• Application Note

Future–proofing the QC Laboratory for UPLC While Enabling the Faithful Analysis of Legacy HPLC Methods

Future–proofing the QC Laboratory for UPLC While Enabling the Faithful Analysis of Legacy HPLC Methods

  • Chris Henry
  • Mark Wrona
  • Richard Ladd
  • Andy Boughey
  • Waters Corporation

Abstract

This application note describes how the AstraZeneca QC department in Macclesfield has successfully transferred and run all registered QC methods on the Waters ACQUITY UPLC H-Class System with three high throughput products that were successfully developed and validated for UPLC. 

Benefits

  • The capability to faithfully and robustly run legacy HPLC methods while providing access to true UPLC technology when desired
  • No modifications required to provide seamless development, transfer and implementation of UPLC methods
  • Unprecedented efficiency savings along with solvent usage costs and corresponding solvent disposal costs

Introduction

In this application note, we describe how the AstraZeneca QC department in Macclesfield (a global center for developing new technologies for QC) has successfully transferred and run all registered QC methods on the Waters ACQUITY UPLC H-Class System with three high throughput products that were successfully developed and validated for UPLC. In efforts to update and modernize their labs, it was critical for Astra Zeneca to ensure new technology would be efficient, easy to adopt, and cost effective. AstraZeneca updated their LC platforms by implementing Waters UPLC in their pharmaceutical development department with the intention of developing  all new products on this platform. While future-proofing the QC department to receive newer UPLC methods, it was critical to retain the ability to faithfully and robustly run legacy chromatography methods. The technology of choice was the ACQUITY UPLC H-Class System, which has now been deployed throughout the AstraZeneca QC department based at Macclesfield, UK.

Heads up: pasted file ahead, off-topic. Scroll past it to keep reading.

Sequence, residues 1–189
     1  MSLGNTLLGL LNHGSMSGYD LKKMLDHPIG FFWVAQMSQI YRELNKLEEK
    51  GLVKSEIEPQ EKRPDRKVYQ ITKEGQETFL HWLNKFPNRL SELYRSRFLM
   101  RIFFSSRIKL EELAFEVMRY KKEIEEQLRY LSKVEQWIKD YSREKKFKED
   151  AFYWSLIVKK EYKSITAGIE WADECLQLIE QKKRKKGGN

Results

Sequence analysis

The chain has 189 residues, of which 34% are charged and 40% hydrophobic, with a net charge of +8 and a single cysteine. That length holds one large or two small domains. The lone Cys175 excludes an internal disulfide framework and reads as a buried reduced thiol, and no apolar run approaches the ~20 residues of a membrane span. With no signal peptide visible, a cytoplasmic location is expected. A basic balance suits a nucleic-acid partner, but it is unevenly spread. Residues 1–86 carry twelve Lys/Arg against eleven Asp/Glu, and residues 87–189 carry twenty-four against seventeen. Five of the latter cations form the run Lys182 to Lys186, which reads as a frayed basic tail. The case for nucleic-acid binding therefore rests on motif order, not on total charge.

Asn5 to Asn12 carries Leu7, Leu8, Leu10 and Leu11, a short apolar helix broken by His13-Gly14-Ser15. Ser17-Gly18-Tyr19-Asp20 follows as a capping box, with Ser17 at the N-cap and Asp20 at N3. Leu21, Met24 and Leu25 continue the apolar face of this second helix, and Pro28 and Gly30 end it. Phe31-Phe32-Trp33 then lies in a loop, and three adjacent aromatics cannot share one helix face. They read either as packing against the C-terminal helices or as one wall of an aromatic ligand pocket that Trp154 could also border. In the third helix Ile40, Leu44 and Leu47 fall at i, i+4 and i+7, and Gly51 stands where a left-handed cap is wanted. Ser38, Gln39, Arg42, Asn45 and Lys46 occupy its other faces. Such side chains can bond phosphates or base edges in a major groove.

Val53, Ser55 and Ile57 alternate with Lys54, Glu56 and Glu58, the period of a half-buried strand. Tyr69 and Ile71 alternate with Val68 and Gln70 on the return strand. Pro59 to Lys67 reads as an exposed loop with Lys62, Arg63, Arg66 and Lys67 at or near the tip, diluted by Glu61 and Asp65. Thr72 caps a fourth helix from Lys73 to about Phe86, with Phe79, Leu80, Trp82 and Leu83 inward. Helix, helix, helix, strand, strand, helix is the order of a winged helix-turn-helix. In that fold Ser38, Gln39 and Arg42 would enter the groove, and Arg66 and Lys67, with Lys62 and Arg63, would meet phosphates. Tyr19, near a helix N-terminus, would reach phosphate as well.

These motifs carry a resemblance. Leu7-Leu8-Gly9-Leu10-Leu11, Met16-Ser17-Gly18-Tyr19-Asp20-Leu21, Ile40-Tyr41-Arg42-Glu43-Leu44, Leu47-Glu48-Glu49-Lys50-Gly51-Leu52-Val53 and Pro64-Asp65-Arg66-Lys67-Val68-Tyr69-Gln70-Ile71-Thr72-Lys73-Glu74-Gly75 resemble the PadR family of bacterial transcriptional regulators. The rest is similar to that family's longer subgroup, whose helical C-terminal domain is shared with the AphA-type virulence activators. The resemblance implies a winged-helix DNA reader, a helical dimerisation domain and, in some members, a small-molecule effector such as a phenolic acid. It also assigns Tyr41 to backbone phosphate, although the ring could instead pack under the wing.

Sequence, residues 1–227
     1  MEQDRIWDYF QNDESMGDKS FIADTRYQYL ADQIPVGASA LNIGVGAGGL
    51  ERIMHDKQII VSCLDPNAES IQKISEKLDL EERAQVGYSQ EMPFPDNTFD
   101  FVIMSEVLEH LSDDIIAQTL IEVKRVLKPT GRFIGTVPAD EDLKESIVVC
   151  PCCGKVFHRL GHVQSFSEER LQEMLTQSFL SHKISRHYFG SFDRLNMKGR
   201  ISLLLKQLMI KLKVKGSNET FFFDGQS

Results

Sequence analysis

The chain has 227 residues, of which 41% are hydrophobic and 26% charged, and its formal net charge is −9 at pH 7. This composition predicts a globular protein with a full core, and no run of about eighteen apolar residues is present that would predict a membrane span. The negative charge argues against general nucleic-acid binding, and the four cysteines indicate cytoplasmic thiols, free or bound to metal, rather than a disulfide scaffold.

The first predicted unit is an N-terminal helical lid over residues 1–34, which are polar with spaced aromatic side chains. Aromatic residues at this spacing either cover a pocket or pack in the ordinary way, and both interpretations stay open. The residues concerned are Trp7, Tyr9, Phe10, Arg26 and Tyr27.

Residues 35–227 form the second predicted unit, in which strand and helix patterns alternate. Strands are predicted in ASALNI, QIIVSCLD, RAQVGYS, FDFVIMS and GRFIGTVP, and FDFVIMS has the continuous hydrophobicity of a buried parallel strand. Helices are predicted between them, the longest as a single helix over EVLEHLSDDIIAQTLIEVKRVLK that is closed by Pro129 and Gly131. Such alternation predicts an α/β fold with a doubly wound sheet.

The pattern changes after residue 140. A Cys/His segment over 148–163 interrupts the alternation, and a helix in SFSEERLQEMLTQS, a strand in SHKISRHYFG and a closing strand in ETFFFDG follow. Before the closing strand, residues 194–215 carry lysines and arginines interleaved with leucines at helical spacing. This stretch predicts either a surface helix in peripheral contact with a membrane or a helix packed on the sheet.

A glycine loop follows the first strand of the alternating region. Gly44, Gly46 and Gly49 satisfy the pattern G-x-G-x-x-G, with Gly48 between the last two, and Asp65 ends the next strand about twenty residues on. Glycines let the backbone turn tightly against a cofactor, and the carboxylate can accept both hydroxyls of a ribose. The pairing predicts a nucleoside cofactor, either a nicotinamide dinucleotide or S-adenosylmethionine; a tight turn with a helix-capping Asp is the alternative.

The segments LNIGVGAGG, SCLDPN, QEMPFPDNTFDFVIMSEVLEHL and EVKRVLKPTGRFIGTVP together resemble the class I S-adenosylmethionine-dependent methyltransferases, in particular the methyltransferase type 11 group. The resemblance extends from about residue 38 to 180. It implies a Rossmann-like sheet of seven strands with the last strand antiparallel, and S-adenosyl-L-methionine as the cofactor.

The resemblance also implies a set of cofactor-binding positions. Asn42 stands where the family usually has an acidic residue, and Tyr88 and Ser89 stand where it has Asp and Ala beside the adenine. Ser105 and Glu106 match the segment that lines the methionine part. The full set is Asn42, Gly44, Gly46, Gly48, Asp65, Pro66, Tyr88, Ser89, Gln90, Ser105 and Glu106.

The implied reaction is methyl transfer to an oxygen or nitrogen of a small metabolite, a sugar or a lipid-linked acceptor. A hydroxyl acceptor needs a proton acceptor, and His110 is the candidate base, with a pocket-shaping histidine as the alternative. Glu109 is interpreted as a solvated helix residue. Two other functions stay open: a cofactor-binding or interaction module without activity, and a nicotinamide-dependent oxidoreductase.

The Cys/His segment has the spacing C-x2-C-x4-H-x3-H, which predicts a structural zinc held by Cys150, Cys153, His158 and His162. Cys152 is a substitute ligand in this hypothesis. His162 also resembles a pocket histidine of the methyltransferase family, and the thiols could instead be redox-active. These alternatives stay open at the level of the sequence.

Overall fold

Within this body of work, we will give an example of a high profile compound ‘B’ legacy HPLC method transferred from an Agilent 1100 to a Waters ACQUITY UPLC H-Class System along with the newly developed UPLC method validated on the same instrument. 

Experimental

The new UPLC method for compound B degradant products was created using the ACQUITY UPLC Columns Calculator, to  simplify transfer and scale HPLC methodology quickly to UPLC conditions with equivalent performance (with significantly reduced runtimes and solvent savings) ensuring it satisfied the system suitability criteria stated  in the legacy HPLC method.

Impurities 1 and 2 of compound ‘B’ were validated over a range of 50% to 200% of their respective specification limits in the presence of the main compound ‘B’.

HPLC conditions (Agilent 1100 or Waters ACQUITY UPLC H-Class)

Column:

C8 4.6 mm × 250 mm, 5 μm

Flow rate:

1.3 mL/min

Injection volume:

50 μL

Run time:

30 min

Detection:

UV

UPLC conditions (ACQUITY UPLC H-Class equipped with ACQUITY TUV Detector)

Column:

Waters ACQUITY UPLC BEH 2.1 mm × 100 mm, 1.7 μm Column

Flow rate:

0.3 mL/min

Injection volume:

4.2 μL

Run time:

6.86 min

Data management

Empower 2 CDS (Chromatography Data System) Software

Results and Discussion

For the ACQUITY UPLC H-Class to be a successful forward facing platform for the quality control environment, it must first be able to faithfully and robustly reproduce the chromatography generated on the laboratory’s existing HPLC platform. Figure 1 shows the comparison of Compound B’s system suitability sample (SST) run on the Agilent 1100 (top), the Waters ACQUITY UPLC H-Class System in HPLC mode (middle), and the  ACQUITY UPLC H-Class System again using the newly developed UPLC method (bottom).

Figure 1. Comparison of Compound ‘B’ SST sample run on Agilent 1100 HPLC (top), Waters ACQUITY UPLC H-Class System in HPLC mode (middle), and Waters ACQUITY UPLC H-Class in UPLC mode (bottom). 

The ACQUITY UPLC H-Class System has reliably replicated the chromatography from the Agilent 1100 and reproduced  the relative retention times (RRT’s) of impurities 1 and 2 with respect to the main peak, as shown in Table 1. In HPLC mode, the ACQUITY UPLC H-Class System also consistently reproduced the peak areas of Compound B and its related impurities compared to those obtained on the legacy LC system, as shown in Table 2.